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Lomax of the county commission disagreed too. "Giving the venue to Augusta would be an embarrassment to Atlanta," he told SI's Anita Verschoth. "It would ignore everything we have achieved here." Juan Antonio Samaranch, president of the IOC, finally laid the whole ugly matter to rest in January when he said golf would not be a part of the '96 Games.
Another storm has gathered as Atlanta activists for a variety of causes—labor unions, the homeless, civil liberties, neighborhood protection—have zeroed in on the social policies of ACOG by organizing the Atlanta Olympic Conscience Coalition. Just before Christmas almost 100 coalition demonstrators went to ACOG headquarters and crammed into Payne's office. As it turned out, Payne was out of town, so the dissenters sang Ain't Gonna Let Nobody Turn Us Around and then met for more than an hour with Frazier and Andrew Young, former Atlanta mayor and now cochairman of ACOG. Anita Beaty, director of the Task Force for the Homeless and a cochair of the coalition, was optimistic afterward. "They agreed to meet [with us] regularly," she said, "and we have faith they will do that."
The Reverend Timothy McDonald, former executive director of Concerned Black Clergy and another coalition co-chairman, is more militant. "These people are selling an Atlanta that is a myth," he says. "This is the fourth-poorest city in America. Atlanta has a history of displacing poor people when it builds major structures. Atlanta-Fulton County Stadium, the Georgia Dome, the Civic Center, World Congress Center—all were built in poor black neighborhoods. In the past, developers did not use neighborhood people to do the ^B work. There were even illegal aliens used. That isn't fair. The Olympic people gave no guarantee on what level they will use local union labor. They want to build for the cheapest dollar. There is no way the community will allow it."
One target of the dissenters could be the $207 million Olympic Stadium, which is to be built in Summerhill, a historic black neighborhood. Groundbreaking for the stadium isn't scheduled until late April or early May, but McDonald promises, "That day they break ground, we will have a tent city there, and we will not go away. We'll take every chance we get to embarrass [the Olympic organizers]. We are unified as never before. The churches are part of it, labor is part of it, the homeless are part of it. Any intelligent person who looks at this coalition and doesn't want to sit down and talk is crazy."
ACOG is officially sympathetic to what the coalition stands for, but there is no warm embrace from Payne for McDonald. "I will not honor him by mentioning his name," says Payne. "There are groups who want to use the Olympic Games' singularity to advance their own special interests, and while many of these interests are worthwhile from a social sense, I think it is wrong that they would seek to disrupt the most important moment in this community."
Frazier, who speaks more like a professor of semantics than a banker, says, more gently, "We don't wish confrontation. Our negotiations have been anything but hostile to labor unions. We are going into contract for services, and the unions will participate. Some articulation of our aims and goals has been miscast as antilabor, antipoor. We want to be humane and thoughtful. We do give a damn, we do care. But homelessness and vagrancy and crime are not something we can solve. We didn't initiate these things, and we can't take them away.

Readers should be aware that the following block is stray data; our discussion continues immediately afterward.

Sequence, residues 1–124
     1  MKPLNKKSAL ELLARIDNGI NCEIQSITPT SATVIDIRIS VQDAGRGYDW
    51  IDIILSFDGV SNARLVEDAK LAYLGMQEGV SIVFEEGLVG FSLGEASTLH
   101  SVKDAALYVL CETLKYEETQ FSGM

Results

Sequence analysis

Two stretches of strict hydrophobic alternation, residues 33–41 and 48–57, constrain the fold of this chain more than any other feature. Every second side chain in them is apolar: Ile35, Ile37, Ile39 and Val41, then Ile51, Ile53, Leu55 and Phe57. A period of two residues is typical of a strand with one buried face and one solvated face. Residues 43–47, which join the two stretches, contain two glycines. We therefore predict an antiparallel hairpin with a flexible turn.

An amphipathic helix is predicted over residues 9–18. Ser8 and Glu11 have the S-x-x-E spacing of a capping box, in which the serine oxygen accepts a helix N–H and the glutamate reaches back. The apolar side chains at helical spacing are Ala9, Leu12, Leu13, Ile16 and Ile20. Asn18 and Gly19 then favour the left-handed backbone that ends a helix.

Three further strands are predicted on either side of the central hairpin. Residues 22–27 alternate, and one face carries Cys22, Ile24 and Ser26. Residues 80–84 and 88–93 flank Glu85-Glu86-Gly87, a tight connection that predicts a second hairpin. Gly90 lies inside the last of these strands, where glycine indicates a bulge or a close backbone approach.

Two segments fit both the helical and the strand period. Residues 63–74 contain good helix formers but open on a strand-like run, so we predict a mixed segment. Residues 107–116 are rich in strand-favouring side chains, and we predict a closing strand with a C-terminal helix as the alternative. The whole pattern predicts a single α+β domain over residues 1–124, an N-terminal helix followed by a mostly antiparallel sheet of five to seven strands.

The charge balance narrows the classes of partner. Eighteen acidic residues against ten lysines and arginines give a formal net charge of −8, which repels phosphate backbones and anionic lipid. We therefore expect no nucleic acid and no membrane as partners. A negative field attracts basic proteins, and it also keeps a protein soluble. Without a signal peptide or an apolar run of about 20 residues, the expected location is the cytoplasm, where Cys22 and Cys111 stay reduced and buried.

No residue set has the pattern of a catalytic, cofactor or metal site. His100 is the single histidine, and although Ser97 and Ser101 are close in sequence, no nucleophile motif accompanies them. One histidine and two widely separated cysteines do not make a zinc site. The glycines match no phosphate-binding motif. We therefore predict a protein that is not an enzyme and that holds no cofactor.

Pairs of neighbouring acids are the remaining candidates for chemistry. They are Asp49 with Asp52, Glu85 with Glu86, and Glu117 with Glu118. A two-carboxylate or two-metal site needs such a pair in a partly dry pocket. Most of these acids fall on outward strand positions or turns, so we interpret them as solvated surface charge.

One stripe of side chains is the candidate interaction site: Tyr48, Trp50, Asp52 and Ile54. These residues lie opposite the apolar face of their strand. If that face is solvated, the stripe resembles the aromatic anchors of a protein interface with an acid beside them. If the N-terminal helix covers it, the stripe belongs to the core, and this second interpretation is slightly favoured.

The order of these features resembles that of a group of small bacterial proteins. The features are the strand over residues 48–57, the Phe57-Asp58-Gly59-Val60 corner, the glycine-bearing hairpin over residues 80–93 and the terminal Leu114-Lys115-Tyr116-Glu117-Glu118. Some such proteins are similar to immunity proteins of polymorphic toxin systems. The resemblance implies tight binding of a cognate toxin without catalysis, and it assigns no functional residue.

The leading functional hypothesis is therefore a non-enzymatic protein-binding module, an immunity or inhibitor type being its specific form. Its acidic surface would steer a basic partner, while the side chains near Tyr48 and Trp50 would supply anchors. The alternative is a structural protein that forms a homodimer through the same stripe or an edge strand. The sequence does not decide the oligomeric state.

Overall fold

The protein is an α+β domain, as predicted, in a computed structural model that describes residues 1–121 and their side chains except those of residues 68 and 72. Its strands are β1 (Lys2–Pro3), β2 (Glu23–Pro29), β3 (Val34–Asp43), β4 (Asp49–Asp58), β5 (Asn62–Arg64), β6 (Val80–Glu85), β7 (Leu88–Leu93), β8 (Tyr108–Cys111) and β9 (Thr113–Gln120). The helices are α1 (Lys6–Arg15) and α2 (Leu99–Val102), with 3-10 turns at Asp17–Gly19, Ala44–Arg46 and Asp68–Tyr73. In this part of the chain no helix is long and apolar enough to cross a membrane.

"The Olympics were attractive to Barcelona because they fit well within a 10-year development plan. There was no such utilitarian notion about the Olympics' coming to Atlanta. This was a grassroots crusade, from the heart, from the soul of Billy Payne. We wish to bring these Games to our city with no thought of political requirements, obligations or expectations. We are doing this for the sake of doing it; we are doing this because it is the right thing to do."
Despite the pressure of such cosmic issues—social justice, high finance, potential racism, etc.—the question about the 1996 Games that is uppermost in the minds of most people is far less lofty: What the hell izit with Whatizit? The blue blob mascot has mystified and amused the world since it was introduced to guffaws at the end of the Barcelona Games. Samaranch likes it, comparing it favorably to the crude dog that was Barcelona's mascot: "I think it is the mascot, after Cobi, who gets the most press coverage—80 percent negative, 20 percent positive."
Among the negative critics is Matt Groening, creator of The Simpsons, who calls Whatizit "a bad marriage of the Pills-bury Doughboy and the ugliest California Raisin." Asked about the maligned mascot, Payne grins rather grimly and k says, "We are going to get the last laugh with Whatizit, I guarantee you." He will say no more.
Even as these contentious days tick past, the fact is that the Atlanta Olympics will be held and they will most likely be a success. Too many things are too right in Atlanta—venues in place, local government lending support, a citizenry that loves the idea of holding the Games, a city where even the critics are really boosters in disguise. McDonald says, "We're going to have the best Olympics there ever were. It will be the best not because of the Games but because of a community coming together." And Lo-max says, "In 1996 all this agony will result in an ecstasy comparable to Barcelona's."